Wednesday, February 16, 2011
We are now in the midst of what may be the most counter-cultural of holiday seasons: Lent. In stark contrast to the crazed consumerism that accompanies Advent, or even the candy trappings of Easter, Lent offers nothing for the world to commercialize or capitalize upon. In a fast-paced culture, it bids us to slow down; against technology that promises the evisceration of limits; it reminds us of our own frailties and constraints; in contrast to our noisy sociability; it encourages silence and solitude, and in opposition to our tendency towards self-indulgence, it urges spiritual discipline.
It is, in many ways, a tough sell. We are arguably the most distracted and overloaded society in history. Studies show that even while time spent at work continues to increase, particularly for upper-income professionals, so does time spent watching TV, surfing the internet, calling and texting. Squeezed out is time spent socializing in person, reading, family time, and sleep (according to some studies, Americans average one hour less per night of sleep than they did a generation ago).
Our distraction comes at a price. We are working longer hours, but are more likely to be in debt. We call, text, email, and Skybe more than ever, but are more likely to complain of loneliness or broken relationships. We have access to oceans of information, but are losing the ability to focus. Left to our own devices, we are likely to wind up, in the words of one sociologist: “fat, addicted, broke, with a house full of junk and no time.”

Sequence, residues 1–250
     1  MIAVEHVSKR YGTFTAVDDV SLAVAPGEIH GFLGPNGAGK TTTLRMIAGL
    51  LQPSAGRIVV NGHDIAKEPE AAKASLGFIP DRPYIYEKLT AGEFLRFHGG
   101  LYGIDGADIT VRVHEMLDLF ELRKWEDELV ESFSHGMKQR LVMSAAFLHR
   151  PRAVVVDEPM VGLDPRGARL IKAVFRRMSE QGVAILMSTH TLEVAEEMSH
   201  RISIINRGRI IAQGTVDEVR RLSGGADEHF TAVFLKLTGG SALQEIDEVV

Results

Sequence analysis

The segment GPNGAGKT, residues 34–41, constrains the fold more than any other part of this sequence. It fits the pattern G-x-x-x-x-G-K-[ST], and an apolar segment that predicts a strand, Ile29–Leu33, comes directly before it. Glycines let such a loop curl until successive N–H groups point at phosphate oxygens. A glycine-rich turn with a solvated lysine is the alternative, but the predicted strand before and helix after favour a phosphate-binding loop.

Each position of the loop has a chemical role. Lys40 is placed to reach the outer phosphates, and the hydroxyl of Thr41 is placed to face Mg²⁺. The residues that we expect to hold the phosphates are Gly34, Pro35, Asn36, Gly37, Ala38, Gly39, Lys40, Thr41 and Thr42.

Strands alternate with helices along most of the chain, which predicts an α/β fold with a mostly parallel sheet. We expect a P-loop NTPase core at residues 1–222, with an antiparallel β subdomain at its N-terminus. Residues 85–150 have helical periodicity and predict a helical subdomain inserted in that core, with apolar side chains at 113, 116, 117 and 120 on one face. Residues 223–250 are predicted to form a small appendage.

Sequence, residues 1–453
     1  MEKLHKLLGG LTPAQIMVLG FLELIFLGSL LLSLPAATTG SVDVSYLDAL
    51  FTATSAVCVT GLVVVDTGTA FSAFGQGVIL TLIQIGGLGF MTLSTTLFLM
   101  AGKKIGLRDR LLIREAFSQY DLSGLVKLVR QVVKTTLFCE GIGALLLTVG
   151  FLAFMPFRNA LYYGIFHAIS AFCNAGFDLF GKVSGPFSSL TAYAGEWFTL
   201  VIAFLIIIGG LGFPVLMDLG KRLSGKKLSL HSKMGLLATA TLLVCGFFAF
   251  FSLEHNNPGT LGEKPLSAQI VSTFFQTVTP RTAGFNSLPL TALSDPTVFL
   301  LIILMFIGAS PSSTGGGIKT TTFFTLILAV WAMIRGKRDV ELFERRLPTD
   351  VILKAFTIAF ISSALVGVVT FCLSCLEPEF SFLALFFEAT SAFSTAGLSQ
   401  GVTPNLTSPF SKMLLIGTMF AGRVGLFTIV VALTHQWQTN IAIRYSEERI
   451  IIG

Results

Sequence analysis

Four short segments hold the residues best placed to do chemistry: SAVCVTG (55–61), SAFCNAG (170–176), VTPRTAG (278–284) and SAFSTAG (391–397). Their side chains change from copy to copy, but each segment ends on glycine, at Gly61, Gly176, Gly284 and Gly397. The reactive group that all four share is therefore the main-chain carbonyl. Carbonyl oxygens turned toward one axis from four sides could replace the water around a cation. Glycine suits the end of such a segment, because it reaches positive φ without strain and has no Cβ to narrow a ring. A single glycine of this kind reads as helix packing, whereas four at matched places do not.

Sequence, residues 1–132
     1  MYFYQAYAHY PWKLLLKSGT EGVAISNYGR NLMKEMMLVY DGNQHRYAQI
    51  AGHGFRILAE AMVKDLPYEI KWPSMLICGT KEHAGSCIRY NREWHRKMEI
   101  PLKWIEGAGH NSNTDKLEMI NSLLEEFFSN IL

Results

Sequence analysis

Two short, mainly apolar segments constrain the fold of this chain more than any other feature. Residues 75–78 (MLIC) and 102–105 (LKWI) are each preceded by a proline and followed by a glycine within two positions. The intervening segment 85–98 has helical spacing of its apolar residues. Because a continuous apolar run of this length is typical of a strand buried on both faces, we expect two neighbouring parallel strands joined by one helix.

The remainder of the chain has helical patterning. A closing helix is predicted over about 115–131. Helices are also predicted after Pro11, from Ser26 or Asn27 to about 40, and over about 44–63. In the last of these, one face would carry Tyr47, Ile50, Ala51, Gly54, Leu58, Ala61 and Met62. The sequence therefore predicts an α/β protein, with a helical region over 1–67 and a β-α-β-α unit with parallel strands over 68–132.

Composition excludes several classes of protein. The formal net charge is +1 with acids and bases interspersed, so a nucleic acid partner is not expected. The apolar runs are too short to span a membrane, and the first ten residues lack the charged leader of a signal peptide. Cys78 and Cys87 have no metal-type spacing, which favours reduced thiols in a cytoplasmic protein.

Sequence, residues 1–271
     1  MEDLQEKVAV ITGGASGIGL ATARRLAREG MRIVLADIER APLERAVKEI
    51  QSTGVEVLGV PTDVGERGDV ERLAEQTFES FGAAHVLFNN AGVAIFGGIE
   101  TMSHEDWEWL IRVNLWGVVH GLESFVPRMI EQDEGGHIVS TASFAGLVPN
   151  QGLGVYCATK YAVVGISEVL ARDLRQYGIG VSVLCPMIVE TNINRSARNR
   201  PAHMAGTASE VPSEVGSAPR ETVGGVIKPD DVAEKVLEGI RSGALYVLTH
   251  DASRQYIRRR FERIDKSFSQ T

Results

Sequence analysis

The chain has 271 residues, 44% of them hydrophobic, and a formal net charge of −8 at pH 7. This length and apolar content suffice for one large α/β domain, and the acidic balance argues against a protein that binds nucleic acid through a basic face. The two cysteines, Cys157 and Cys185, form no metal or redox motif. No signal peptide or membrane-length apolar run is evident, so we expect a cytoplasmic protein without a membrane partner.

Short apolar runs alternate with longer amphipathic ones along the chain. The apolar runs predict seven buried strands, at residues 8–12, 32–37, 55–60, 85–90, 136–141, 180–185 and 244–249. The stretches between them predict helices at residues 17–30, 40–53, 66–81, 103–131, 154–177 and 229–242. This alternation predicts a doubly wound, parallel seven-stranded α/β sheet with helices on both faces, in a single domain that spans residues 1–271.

As such, Lent offers us not only a reality check, but rest. It reminds us of our limits, in contrast to the infinite capacity of God. And it offers the hope of margin attained through the holiday’s disciplines of reflection, humility, and solitude. As Henri Nouwen wrote, “in the spiriutal life, the word discipline means ‘the effort to create some space in which God can act.’ Discipline means that somewhere you’re not occupied, and certainly not preoccupied. In the spiritual life, discipline means to create space in which something can happy than you hadn’t planned or counted on.”
Ultimately, this season helps remind us of the futility of our own strivings, and awken our capacity to see the wonder of God’s work in the world around us. If the discipline of silence can help us hear His voice more clearly, solitude may serve to heighten our awareness of his presence. It is a simple reminder that against all our busy-ness is the offer of his rest, that our failures are met by His sufficiency, and what began with ashes will end in Easter.